(Fisher's exact test, n=10 for each group)

Mortality was observed in 7/10 mice No death

Modified from Ogata N. and Shibata T., J Gen Virol
89, 60-67 (2008).

Comparison of virus titer in mouse lung at the time of influenza A infection Exposure to influenza A virus(H1N1)

Modified from Ogata N. and Shibata T., J Gen Virol
89, 60-67 (2008).

Interventional use of chlorine dioxide gas-generating agents significantly reduced the number of patients with influenza-like illness.
Mimura T., Fujioka T., and Mitsumaru A., Japanese J Environ Infect 25(5), 277-280 (2010).
[ Objective ]

To investigate the preventive effect of chlorine dioxide gas-generating agent against influenza-like illness in healthy subjects.

[ Method ]

In two adjacent buildings, a chlorine dioxide gas-generating agent (Taiko Pharmaceutical Co., Ltd.) was placed in all the rooms in one building (intervention group) and not in the other building (non-intervention group). A survey using the prospective cohort study method was then conducted of the people working in these buildings regarding the presence or absence of influenza-like symptoms and the results of rapid influenza tests (installation period of 54 days between January 19, 2009 and March 13, 2009).

Influenza-like symptoms were defined as those meeting all of the following three conditions:
(1) Fever ≥ 38.0℃ (2) Presence of cough and/or pharyngitis (3) No cause other than influenza confirmed by medical examination and laboratory testing methods.

Chlorine dioxide gas-unexposed group Chlorine dioxide gas-exposed group
Comparison of influenza-like symptoms between the group with chlorine dioxide gas-generating agent intervention and the group without that intervention.
Group with no chlorine dioxide gas-generating agent intervention Group with chlorine dioxide gas-generating agent intervention
Number of subjects 442 subjects 345 subjects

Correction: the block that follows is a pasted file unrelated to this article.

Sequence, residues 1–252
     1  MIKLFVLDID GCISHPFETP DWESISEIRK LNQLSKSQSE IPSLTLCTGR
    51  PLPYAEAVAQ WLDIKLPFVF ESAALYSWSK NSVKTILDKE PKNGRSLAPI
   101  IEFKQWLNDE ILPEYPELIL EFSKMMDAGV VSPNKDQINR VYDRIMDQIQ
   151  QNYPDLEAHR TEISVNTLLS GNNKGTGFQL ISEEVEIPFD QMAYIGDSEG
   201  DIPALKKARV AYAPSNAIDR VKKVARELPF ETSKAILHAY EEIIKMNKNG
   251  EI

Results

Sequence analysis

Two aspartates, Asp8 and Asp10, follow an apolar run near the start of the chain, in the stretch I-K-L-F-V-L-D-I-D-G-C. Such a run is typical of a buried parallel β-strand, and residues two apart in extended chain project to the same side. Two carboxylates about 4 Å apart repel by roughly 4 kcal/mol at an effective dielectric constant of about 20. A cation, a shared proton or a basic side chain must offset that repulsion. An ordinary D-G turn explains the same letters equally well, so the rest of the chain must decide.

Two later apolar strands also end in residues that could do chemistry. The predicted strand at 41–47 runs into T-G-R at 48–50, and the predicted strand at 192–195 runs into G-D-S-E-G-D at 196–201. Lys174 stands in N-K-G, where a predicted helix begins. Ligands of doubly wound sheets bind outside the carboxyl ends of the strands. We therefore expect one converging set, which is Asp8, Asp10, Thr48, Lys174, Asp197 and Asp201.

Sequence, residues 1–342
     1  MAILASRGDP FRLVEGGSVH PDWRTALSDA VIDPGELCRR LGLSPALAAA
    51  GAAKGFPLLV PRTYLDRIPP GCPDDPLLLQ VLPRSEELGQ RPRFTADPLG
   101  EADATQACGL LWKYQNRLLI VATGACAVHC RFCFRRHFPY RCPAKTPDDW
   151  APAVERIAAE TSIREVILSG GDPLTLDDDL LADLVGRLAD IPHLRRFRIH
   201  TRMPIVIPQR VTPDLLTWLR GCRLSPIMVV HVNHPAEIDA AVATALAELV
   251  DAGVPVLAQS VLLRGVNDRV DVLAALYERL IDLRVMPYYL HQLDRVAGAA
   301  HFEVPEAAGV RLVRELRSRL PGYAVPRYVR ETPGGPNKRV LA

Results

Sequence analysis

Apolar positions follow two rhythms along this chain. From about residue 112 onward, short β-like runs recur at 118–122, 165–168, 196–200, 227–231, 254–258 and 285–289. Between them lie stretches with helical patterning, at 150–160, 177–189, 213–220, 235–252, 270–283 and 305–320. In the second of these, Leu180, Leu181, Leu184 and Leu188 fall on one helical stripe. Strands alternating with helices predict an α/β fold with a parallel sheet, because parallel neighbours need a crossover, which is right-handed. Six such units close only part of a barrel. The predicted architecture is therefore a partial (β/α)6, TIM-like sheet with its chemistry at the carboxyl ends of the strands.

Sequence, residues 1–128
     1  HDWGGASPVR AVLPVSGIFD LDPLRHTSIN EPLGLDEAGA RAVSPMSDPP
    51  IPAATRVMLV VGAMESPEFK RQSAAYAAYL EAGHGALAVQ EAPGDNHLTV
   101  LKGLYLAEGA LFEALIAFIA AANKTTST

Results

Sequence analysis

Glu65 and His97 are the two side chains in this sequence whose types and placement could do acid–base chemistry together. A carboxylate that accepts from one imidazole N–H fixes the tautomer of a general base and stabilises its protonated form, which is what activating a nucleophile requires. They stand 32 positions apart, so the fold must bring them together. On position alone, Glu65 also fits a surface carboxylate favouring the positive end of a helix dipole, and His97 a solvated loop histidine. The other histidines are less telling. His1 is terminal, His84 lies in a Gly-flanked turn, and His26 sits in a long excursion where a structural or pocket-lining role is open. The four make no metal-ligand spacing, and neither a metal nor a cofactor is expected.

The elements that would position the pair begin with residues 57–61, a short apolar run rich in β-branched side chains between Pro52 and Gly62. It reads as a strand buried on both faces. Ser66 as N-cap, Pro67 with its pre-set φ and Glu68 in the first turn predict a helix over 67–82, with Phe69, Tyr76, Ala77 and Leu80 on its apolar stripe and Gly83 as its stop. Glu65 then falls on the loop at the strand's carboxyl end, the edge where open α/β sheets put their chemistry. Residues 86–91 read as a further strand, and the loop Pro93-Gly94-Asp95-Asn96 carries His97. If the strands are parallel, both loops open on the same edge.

Sex ratio (male:female) 82:18 93:7
Mean age 34.8 years 43.2 years
Vaccination rate
(number of vaccinated individuals)
23.1%
(102 subjects)
17.7%
(61 subjects)
The presence of
influenza-like symptoms
7.2%
(32 subjects)
[Rapid kit positive:
2.7%
(12 subjects)]
2.3%
(8 subjects)
[Rapid kit positive:
0.6%
(2 subjects)]
No influenza-like symptoms 92.8%
(410 subjects)
97.7%
(337 subjects)

Relative risk for influenza-like symptoms with chlorine dioxide gas-generating agent 0.32,
¶ p < 0.05, significantly different from the chlorine dioxide gas-unexposed group

Modified from Mimura T., et al. Japanese J Environ Infect 25(5), 277-280 (2010).

Indoor chlorine dioxide concentration

The chlorine dioxide gas-generating agents were placed in a manner that meant the rate was one chlorine dioxide gas-generating agent (stationary type 60 g) per approximately 10 m2 and one chlorine dioxide gas- generating agent (stationary type 150 g) per approximately 20 m2.
The chlorine dioxide gas-generating agent was replaced after one month. The concentration was measured in six randomly selected rooms.
The measurements were taken near the center of a room where chlorine dioxide gas-generating agent was placed (at height of about 150 cm). The mean chlorine dioxide concentration in the six rooms monitored is indicated by the dotted line, and the 95% confidence interval of the measured values is shown by the solid lines.

Chlorine dioxide gas-generating agent placed in a classroom significantly decreased the rate of absenteeism in school children.